Shapiro developed a specific technique in which a trained professional takes a client through a traumatic event. As the client talks about it, the therapist uses either a light screen or a wand that moves from side to side, or headphones with tones that alternate from the left ear to the right ear, or vibrating tappers in the client’s hands that vibrate from side to side. That bilateral movement causes the person’s eyes to move from side to side rapidly.
That eye movement is similar to the way our eyes move during rapid eye movement sleep, which is the way the brain naturally processes the events of day, said Rick Levinson, a licensed clinical social worker in Austin and an EMDR trainer who is working with Las Vegas shooting survivors.
What happens with a trauma, he said, is the brain cannot take in all this information and effectively process it: “It gets stuck in the central nervous system.”
The brain replays the event over and over again and doesn’t know what to do with it. It causes the person to have a fight or flight response every time they think of that event.
The intensity of the traumatic memory starts to decrease as client and therapist work through the event, said Lauren Gaspar, a licensed clinical social worker at Good Mourning Counseling Center who uses EMDR in her Austin practice.
EMDR, she said, “allows your brain to turn on the prefrontal cortex that allows you to give that memory a more logical or reasonable perception.”
It doesn’t take away the memory, she said, “It allows the brain to not make it significant any more.” It tells the brain and the body, “I don’t need to hold onto this trauma,” she said.
There are now about 8,000 people trained in the United States to use EMDR therapy, said Michael Bowers, executive director of EMDR International Association, which is headquartered in Austin.
The therapy is recognized by the World Health Organization and the U.S. Department of Veterans Affairs for its use after a trauma or for someone with PTSD.
Several controlled scientific studies have found that EMDR works, but some researchers question whether moving your eyes rapidly back and forth is key. In treating traumatic anxiety, EMDR therapy is better than no therapy, but it’s not better than working with behavior and cognitive-behavior therapists in exposure-based treatments, Scott O. Lilienfeld, an Emory University psychology professor, and Hal Arkowitz, a University of Arizona psychology professor, summarized in an article for Scientific American.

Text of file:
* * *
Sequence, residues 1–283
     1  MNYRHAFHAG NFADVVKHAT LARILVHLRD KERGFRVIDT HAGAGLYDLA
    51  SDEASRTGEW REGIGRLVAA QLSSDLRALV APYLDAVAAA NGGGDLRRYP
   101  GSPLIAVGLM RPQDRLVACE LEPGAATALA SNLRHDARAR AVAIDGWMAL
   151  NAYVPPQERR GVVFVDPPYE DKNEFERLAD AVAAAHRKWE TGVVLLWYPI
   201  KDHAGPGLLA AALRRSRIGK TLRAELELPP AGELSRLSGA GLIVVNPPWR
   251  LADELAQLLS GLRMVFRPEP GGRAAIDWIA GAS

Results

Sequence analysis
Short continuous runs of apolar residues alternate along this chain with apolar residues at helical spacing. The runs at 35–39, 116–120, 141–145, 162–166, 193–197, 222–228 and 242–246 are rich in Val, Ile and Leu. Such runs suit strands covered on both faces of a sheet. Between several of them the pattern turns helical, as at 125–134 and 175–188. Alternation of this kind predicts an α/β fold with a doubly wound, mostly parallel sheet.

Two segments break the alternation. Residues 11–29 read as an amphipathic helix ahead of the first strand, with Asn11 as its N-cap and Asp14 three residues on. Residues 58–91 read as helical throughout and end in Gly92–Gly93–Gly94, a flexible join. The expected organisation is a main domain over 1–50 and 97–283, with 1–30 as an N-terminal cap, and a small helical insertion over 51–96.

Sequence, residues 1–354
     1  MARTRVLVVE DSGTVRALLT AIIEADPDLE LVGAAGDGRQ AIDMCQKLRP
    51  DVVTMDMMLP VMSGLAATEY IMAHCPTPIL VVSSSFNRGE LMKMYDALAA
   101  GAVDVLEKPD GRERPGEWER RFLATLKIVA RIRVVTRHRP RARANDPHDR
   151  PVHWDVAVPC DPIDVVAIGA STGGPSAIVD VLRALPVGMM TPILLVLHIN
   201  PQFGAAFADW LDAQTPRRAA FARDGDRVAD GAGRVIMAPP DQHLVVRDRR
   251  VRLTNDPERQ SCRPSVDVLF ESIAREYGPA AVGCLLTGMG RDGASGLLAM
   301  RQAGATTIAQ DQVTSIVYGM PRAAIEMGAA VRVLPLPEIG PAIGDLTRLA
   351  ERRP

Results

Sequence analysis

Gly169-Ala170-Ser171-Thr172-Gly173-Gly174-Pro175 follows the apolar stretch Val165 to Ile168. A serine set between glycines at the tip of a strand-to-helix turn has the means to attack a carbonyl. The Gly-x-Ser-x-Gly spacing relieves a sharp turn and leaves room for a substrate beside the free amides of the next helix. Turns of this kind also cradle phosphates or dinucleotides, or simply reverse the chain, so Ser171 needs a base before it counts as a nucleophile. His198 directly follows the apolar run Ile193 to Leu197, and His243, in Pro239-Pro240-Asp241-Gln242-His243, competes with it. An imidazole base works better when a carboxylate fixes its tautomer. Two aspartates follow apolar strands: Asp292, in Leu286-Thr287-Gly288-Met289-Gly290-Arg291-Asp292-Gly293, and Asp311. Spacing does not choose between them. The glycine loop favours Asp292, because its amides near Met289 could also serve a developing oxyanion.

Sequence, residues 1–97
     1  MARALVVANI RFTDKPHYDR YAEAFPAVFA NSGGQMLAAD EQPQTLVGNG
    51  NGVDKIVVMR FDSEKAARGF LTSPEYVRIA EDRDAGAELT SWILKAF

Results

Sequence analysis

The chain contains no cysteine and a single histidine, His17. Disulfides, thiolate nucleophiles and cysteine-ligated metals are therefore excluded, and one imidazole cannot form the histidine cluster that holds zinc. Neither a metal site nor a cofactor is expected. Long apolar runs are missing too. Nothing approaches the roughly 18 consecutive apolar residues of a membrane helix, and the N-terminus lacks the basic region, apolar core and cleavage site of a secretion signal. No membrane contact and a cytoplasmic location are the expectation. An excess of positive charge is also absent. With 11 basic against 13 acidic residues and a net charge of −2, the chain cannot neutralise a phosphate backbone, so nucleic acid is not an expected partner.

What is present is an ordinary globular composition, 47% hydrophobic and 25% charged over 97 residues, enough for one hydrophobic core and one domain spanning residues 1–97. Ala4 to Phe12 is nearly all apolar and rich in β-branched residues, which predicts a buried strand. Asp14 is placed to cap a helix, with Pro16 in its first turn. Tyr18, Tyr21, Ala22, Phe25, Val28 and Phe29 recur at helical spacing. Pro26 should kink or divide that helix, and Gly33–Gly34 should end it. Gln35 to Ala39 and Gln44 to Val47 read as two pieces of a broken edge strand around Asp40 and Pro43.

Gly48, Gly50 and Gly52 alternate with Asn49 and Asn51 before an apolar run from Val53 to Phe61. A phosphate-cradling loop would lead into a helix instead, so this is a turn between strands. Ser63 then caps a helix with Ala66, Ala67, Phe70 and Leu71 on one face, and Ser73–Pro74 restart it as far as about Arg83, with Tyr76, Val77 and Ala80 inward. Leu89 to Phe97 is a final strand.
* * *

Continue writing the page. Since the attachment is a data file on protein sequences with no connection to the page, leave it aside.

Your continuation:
EMDR does have strong proponents.
“It’s like magic to me,” said Carol Logan, the staff psychologist for the Austin Police Department. She said she can get to the root of what’s happening with a police officer faster using this technique, and she’s found that officers are more willing to do EMDR than to do traditional talk therapy.
Logan received a $38,800 grant from the city’s Office of Innovation to do research comparing EMDR with stress management therapy with 911 operators and police dispatchers. She’s working with Vanderbilt University and elicited the help of 22 EMDR therapists in Austin to help her study the difference between 30 operators or dispatchers who get EMDR and 30 who get stress management therapy.
What’s different about this study is often these operators and dispatchers don’t have one traumatic event. They have repeated exposure to traumatic events that are happening to other people.
Logan hopes that, after this study, she can do a study on her work with police officers. She believes using EMDR to help police officers process the events they witness can help them be less likely to use excessive force in the future.
The city of Austin also has put $50,000 in the 2018 budget to train therapists who work in victim services on how to use EMDR.
“I’m really proud of the city of Austin for funding research like this,” Logan said. “We’re doing something really important here.”
Copeland’s advice for people who witnessed the recent tragic events is to “hang in there,” she said. “It’s a tough road ahead, but be resilient. Things will get better. My brother and I are living proof of that.”